5 Stages of Parkinson’s Disease


If you’ve been diagnosed with Parkinson’s disease then your doctor will use a rating scale to establish the stage of your disease and to track the progression. The rating scale will assess motor symptoms such as movement and tremors, as well as non-motor symptoms such as loss of smell.

There are five different stages of Parkinson’s disease, starting with mildest and leading up the most severe. There are commonalities in each stage, but the severity of symptoms will differ.

MORE: How to manage ‘freezing’ in Parkinson’s disease

Stage 1
Mild symptoms such as tremors along one side of the body may be presented at this stage. Often the symptoms are mild enough not to interfere with daily life, but slight changes in walking, posture, or facial expressions may be noticed by those around them.

Stage 2
Both sides of the body may be affected by slightly worsened tremors or rigidity. Issues with posture and walking may become quite noticeable and everyday activities may be harder to achieve but patients will still be able to do things for themselves.

Stage 3
As motor symptoms become worse, patients may begin to experience loss of balance leading to falls and movement can become very slow. Although many patients can still live independently they may have difficulty in everyday activities such as eating or dressing.

Stage 4
In this later stage, symptoms are now extremely limiting. Many patients can still stand without assistance but movement is greatly impaired. Most will need help with everyday activities and will not be able to look after themselves.

Stage 5
This is the most advanced stage of the disease and most patients will experience difficulty in walking and standing, often requiring a wheelchair. Assistance will be needed in all areas of daily life as motor skills are seriously impaired. In addition, people with advanced Parkinson’s disease may also begin to suffer hallucinations.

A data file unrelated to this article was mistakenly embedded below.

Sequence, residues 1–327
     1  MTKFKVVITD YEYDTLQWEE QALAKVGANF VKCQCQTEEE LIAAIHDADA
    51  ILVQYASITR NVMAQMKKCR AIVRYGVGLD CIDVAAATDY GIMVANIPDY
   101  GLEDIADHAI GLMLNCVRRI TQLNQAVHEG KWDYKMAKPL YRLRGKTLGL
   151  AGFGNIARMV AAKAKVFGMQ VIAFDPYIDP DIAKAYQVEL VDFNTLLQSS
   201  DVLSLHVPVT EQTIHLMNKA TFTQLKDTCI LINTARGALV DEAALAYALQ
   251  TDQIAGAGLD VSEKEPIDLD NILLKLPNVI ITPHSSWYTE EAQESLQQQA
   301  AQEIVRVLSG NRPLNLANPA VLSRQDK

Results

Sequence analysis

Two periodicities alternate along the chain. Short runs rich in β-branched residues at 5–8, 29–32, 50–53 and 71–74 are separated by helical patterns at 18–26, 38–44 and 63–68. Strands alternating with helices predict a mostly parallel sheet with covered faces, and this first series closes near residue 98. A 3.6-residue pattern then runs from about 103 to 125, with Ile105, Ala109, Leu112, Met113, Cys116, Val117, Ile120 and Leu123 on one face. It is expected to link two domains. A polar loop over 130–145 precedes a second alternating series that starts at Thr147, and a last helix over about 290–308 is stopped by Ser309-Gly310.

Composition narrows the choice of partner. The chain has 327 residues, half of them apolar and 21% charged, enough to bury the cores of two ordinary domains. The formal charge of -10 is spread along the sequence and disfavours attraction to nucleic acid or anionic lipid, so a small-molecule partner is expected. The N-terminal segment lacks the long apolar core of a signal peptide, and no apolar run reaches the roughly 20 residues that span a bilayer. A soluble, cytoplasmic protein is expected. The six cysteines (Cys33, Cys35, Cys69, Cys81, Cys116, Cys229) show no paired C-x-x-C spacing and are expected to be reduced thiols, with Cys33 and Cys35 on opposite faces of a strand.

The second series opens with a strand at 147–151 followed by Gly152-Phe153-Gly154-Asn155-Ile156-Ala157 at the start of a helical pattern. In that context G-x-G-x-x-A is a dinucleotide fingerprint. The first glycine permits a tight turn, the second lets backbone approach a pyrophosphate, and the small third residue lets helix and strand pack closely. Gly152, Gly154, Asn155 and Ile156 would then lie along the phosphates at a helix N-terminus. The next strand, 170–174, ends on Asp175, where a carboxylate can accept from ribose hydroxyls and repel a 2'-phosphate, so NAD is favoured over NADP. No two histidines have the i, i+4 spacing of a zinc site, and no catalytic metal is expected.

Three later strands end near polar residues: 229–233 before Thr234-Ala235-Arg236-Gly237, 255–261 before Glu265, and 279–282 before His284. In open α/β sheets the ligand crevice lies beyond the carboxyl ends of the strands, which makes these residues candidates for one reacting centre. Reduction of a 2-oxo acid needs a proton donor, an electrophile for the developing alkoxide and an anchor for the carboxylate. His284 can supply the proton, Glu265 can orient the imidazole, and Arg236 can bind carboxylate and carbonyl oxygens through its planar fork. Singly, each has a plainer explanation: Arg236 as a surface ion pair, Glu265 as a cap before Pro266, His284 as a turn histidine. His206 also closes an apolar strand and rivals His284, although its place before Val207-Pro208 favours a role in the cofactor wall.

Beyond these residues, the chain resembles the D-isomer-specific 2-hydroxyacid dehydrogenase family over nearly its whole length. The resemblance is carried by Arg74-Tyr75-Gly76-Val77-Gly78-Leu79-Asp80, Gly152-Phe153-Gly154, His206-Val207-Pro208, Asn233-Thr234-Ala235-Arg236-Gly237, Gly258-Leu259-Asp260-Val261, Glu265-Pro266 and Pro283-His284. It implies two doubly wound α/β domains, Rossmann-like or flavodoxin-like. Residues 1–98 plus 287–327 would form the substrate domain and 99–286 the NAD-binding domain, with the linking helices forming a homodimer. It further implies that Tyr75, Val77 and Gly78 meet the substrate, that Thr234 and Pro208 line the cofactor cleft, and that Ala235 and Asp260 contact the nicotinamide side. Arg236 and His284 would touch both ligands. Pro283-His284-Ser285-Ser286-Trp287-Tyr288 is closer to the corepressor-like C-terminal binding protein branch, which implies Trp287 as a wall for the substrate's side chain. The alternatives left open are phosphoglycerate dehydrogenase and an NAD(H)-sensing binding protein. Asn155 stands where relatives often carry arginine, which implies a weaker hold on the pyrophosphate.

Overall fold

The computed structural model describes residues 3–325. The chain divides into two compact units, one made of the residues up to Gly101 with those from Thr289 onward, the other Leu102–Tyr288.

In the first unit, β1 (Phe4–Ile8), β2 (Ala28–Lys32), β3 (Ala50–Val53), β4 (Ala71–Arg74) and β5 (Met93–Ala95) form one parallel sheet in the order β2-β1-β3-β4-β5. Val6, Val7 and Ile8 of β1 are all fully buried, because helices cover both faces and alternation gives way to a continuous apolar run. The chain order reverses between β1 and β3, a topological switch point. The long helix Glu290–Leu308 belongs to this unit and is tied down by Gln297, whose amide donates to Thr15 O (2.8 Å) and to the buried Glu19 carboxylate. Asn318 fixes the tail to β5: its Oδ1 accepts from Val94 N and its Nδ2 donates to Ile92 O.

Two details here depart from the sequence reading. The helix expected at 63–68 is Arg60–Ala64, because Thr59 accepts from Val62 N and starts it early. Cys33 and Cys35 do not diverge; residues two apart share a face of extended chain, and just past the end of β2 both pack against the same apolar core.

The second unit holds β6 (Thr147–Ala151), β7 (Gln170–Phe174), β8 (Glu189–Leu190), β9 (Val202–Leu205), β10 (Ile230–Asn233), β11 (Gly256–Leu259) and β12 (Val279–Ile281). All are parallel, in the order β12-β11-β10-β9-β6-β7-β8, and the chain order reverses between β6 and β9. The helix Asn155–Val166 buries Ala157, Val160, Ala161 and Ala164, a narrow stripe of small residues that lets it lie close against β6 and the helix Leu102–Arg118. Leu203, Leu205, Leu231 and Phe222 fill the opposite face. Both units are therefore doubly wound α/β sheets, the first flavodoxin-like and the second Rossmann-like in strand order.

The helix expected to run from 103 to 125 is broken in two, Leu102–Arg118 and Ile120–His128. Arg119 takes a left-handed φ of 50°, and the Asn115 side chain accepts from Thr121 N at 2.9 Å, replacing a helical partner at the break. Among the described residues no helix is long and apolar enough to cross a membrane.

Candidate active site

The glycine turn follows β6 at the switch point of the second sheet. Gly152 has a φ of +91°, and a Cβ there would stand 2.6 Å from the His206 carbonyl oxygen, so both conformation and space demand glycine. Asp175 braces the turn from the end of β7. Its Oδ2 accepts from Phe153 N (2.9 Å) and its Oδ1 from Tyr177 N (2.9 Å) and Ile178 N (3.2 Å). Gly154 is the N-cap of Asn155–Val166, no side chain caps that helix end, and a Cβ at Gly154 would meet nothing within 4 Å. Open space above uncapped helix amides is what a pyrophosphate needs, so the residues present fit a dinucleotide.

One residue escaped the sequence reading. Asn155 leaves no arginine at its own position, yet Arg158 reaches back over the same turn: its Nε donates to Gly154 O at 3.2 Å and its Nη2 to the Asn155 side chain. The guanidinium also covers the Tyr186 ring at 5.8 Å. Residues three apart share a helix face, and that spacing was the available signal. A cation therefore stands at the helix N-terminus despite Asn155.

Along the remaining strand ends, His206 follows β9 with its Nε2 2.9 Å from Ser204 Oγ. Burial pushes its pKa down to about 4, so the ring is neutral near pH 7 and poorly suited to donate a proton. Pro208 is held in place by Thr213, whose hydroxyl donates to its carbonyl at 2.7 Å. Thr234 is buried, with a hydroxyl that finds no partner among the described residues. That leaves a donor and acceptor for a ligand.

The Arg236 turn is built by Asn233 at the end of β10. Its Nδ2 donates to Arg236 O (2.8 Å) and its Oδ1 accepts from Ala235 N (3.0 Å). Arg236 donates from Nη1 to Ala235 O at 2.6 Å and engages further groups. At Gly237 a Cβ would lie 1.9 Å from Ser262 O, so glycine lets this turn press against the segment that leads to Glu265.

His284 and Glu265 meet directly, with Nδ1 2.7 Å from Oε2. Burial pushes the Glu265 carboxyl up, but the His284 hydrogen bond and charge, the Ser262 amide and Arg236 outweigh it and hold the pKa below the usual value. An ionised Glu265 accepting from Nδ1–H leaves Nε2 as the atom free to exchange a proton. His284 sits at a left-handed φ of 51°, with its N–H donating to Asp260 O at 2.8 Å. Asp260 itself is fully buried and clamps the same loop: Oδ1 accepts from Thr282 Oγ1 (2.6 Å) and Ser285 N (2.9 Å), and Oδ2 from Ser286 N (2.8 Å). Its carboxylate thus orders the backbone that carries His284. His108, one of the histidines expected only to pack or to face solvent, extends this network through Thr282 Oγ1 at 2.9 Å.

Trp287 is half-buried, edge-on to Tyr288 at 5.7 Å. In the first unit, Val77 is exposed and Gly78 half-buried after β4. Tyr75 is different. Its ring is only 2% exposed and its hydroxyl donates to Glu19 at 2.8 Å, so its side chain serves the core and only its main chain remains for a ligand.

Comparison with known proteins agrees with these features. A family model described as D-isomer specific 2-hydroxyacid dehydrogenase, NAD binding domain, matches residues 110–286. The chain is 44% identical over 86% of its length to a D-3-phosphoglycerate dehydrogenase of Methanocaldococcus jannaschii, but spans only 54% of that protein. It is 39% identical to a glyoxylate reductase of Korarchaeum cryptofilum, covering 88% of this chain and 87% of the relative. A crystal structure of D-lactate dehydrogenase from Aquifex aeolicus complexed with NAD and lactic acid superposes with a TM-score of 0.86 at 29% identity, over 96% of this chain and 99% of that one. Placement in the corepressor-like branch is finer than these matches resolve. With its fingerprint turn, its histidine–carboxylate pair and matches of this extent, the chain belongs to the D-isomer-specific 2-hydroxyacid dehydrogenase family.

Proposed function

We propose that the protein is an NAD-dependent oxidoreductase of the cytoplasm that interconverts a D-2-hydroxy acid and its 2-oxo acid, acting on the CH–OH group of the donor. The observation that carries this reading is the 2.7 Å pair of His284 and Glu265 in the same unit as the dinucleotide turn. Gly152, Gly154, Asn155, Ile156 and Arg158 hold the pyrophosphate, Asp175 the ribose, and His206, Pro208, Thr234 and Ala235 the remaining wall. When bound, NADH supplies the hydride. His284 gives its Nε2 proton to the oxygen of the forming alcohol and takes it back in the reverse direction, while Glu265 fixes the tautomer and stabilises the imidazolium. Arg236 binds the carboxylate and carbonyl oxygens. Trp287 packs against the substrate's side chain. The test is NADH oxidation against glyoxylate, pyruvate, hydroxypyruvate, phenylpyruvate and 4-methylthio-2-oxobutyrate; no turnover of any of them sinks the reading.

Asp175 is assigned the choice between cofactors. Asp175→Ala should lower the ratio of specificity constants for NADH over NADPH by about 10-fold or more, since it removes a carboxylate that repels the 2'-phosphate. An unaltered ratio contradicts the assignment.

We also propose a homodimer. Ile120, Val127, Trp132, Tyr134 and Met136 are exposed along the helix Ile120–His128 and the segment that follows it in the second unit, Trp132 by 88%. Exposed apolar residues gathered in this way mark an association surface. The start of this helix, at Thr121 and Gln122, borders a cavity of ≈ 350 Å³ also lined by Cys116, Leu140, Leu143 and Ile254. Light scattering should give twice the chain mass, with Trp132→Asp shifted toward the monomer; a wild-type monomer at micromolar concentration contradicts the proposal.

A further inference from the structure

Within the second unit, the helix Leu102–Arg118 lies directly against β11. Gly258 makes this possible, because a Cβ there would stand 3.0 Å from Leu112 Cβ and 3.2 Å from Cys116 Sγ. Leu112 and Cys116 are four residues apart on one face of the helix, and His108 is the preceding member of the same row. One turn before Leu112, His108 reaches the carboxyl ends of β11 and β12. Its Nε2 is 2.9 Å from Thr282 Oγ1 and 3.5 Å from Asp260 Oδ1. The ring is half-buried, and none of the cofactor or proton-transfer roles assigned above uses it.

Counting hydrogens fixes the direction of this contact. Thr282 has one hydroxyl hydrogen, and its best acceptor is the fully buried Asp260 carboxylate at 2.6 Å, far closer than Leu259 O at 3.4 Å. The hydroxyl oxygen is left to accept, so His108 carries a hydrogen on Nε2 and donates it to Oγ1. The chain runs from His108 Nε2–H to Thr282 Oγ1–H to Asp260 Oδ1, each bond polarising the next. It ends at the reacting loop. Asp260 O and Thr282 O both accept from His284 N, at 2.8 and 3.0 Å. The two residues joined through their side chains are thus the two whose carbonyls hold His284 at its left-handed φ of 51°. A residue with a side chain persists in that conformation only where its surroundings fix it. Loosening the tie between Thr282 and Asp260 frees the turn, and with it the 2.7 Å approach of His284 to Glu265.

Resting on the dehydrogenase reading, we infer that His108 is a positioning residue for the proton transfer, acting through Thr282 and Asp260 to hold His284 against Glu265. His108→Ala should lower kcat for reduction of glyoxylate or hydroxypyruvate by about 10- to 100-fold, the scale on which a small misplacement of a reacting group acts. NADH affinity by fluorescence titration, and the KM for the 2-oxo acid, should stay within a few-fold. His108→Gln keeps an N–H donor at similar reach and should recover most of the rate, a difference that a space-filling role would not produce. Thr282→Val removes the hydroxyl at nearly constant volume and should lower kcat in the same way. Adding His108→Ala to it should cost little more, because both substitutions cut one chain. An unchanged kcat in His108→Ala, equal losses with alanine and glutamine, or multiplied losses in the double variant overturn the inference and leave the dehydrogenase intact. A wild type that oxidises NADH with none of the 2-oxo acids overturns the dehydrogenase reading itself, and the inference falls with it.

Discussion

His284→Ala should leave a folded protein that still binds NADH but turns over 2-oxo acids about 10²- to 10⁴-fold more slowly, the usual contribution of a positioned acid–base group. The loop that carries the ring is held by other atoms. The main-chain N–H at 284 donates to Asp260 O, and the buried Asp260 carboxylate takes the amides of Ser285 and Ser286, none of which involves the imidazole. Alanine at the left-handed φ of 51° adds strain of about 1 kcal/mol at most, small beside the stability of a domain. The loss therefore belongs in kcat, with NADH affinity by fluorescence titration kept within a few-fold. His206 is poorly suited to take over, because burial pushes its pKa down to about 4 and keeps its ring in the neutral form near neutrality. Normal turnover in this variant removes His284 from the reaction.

MORE: How Parkinson’s disease affects your body.

Parkinson’s News Today is strictly a news and information website about the disease. It does not provide medical advice, diagnosis or treatment. This content is not intended to be a substitute for professional medical advice, diagnosis, or treatment. Always seek the advice of your physician or another qualified health provider with any questions you may have regarding a medical condition. Never disregard professional medical advice or delay in seeking it because of something you have read on this website.


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  1. Judy gorman says:

    I’ve had pd over 8 years. I’m considered stage 2. I am 60. I have just about none of what you suggest.

    How bout addressing the nonmotor symptoms which are usually more debilitating than the motor. I know as I have noh and a dysfunctional gi tract. Lost 90 lbs last year. The ibs spasms are so debilitating and cause esophageal spasms leading to problems with breathing swallowing and chest pains during off times which are many due to poor metabolization of sinemet. Thankfully I’m in a trial for the neuroderm pump. Anxiously awaiting to start and get the pills out of my gi.

  2. G Feldman says:

    Do you have an average duration for each stage? Not necessary to be exact, but it would be helpful to know their relative lengths.

    • Cyrilla says:

      From what I have been told each case is different. Depends on how you follow the things that can worsen it like foods, no exercise, left brain right brain extra activities… You may want to ask your Dr.